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Mexico experienced several civil wars throughout its history. However, most references to the Mexican Civil War refer to the conflict that took place between 1910 and 1920, also known as the Mexican Revolution. This was a period of political and social upheaval in Mexico that resulted in significant changes to the country's government, economy, and society.
The Mexican Revolution began due to widespread dissatisfaction with the government of Porfirio Diaz, who had been in power for over 30 years. Several different groups, including peasants, workers, and intellectuals, began to organize against Diaz's government, and a series of uprisings and battles followed.
The conflict continued for a decade, with various factions fighting for control of the country. Revolutionaries were eventually successful in overthrowing Diaz's government, and a new constitution was adopted in 1917 that established Mexico as a federal democratic republic.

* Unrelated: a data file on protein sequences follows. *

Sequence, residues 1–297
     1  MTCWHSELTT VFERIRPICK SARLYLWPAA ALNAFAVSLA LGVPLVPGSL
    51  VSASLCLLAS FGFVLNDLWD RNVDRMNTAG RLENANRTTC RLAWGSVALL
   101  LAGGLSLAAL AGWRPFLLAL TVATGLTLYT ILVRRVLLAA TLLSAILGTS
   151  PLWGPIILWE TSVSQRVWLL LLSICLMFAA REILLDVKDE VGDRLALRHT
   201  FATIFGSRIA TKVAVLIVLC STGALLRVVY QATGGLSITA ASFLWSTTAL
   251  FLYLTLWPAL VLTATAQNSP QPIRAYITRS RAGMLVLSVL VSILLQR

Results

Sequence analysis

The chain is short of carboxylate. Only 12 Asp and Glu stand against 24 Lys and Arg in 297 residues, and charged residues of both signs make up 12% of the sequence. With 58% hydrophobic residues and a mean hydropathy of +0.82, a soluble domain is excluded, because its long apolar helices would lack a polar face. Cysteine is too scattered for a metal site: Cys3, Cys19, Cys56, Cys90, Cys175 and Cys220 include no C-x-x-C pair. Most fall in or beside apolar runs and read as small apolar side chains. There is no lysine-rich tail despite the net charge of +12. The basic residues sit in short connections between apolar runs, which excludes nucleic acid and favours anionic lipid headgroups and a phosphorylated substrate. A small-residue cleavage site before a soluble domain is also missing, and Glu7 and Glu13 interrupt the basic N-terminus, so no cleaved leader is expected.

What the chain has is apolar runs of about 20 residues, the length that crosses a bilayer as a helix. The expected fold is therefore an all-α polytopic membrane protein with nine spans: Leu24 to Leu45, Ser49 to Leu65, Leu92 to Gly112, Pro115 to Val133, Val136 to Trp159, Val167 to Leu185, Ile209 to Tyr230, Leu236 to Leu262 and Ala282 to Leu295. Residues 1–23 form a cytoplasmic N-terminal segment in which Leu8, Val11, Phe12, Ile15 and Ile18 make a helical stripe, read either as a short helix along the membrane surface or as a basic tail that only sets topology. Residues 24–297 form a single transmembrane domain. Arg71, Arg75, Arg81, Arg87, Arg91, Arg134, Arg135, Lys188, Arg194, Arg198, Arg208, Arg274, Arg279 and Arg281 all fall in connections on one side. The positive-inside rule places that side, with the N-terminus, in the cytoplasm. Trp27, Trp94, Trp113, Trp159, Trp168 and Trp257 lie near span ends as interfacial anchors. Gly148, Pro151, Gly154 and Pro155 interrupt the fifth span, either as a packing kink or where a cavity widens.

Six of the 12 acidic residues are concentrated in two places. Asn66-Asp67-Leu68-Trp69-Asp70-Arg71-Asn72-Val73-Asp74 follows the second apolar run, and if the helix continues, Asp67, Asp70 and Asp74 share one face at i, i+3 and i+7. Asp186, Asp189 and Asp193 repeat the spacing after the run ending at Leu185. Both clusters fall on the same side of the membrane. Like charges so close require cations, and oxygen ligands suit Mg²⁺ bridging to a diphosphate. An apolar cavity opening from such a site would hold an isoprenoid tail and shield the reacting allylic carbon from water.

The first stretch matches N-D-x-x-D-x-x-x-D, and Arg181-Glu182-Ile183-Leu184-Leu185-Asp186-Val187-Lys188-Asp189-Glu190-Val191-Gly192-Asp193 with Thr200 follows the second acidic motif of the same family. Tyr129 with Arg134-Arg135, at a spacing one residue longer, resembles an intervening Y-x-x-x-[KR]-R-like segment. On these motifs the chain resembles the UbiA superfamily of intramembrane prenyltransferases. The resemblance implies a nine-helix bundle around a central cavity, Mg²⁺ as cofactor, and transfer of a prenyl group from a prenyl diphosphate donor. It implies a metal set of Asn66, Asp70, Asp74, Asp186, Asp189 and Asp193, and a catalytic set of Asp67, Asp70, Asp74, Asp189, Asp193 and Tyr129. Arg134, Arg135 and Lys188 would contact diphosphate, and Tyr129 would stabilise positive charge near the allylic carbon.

The Mexican Revolution had a profound impact on the country, leading to significant social and political reforms and changes to the distribution of land and wealth. It also resulted in the deaths of an estimated one million people and forced many others to flee the country. Today, the Mexican Revolution is remembered as a pivotal moment in the country's history and a symbol of the struggle for social justice and equality.